De Kinderen Opsluiten

IncarceratedThis week, a study by Nottingham Trent University (UK) reached the mainstream British media. The study told us nothing new – but it did manage, with this media coverage, to suddenly reach a much wider audience. Essentially it was a study into the well-being of horses and the effects of stabling.
The study showed that stabled horses have higher cortisone levels – cortisone is the stress hormone – than horses kept in paddocks and fields and also makes the point that much of our reasoning behind stabling horses is based upon our own human views of comfort and safety. But – probably unsurprisingly – there was immediately a backlash from owners, at least in the MailOnline coverage, that this was all nonsense and their horses positively love to go indoors.
So, is the study bunk, and do our horses “love” their boxes, or has Trent Uni got a point? And what are the ethics –  something neither party has really looked at?
Like the majority of prey animals, horses seek safety in numbers. They form herds to reduce their chances of being singled out and caught by a hunter. But a horse in a stable does not have a “hunter” to single it out so it should be happy alone, right? Wrong! The herd instinct is an evolutionary factor – you don’t breed it out in a few generations. In fact, genetically, the horse today is just about identical to its first domesticated forefather 5,500 years ago. Furthermore, the horse does not have a prefrontal cortex in its brain that allows for reasoning. This means that a horse cannot go into its box thinking “oh, this is safer than out in the field”; in fact, if the horse was capable of reasoning like a human, I for one would not expect it to put up with being locked up for large parts of the day!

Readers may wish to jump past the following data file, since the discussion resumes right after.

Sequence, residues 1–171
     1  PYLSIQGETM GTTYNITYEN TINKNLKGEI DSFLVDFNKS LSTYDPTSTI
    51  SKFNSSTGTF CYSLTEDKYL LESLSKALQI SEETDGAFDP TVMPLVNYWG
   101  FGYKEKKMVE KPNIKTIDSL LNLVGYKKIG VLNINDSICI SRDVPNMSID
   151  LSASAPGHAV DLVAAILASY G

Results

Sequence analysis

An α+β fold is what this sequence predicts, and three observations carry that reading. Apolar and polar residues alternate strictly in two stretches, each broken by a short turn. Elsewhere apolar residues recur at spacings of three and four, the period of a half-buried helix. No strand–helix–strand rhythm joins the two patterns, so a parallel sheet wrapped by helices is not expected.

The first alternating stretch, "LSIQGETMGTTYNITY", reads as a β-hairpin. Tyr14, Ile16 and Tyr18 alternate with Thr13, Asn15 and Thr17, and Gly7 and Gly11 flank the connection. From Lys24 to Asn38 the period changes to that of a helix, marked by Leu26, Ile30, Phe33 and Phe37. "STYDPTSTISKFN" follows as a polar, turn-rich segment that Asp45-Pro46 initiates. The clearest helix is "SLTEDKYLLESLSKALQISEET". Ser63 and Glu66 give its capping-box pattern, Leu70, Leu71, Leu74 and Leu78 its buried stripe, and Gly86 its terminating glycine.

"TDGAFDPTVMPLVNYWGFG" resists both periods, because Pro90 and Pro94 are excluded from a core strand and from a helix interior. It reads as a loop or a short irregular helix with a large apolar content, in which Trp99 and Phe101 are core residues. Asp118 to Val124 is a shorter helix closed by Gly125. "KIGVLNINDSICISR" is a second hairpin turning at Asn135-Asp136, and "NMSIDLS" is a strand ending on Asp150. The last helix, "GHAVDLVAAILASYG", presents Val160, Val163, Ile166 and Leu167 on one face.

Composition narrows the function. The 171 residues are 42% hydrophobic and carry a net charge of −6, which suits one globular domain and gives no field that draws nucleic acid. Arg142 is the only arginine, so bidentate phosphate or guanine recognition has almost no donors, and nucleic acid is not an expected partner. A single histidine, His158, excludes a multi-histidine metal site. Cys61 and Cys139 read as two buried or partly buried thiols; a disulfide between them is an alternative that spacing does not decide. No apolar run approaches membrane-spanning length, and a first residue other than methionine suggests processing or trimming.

So we can agree that the horse is a herd animal and will benefit from some contact with others of its species – “but my horse can see other horses when it is in its box”. Horses may not have the higher reasoning powers of humans but they do have greater sensitivity to each other – and their surroundings – than do humans. Horses don’t just need to see each other, they need to touch, to smell, to groom. Just as we do with good friends. With horses, seeing is NOT believing; proximity, touch, smell, sound are so very important in the equine experience. It is one of the reasons a horse will run if it sees a plastic bag flapping at 500 paces; but introduce the horse to the bag and they could become good friends!
“But he loves his box, he goes in all by himself” – quite possibly true. Firstly, despite being a scaredy pants (see previous paragraph), he is also inquisitive by nature. It is that which gives the horse a successful interspecies relationship with humans. So if the horse is given the possibility to explore in an (apparently) safe environment, it will do so. If the entrance to stalls or boxes is in shadow, the horse will often have much less difficulty in going in than when the entrance is in sunlight – horses have fairly restricted vision, not in peripheral observation but focus and vision upwards and light sensitivity plays a big role too (horses are essentially nocturnal*). The horse will also not see the door and think it is going to be locked up – open is open.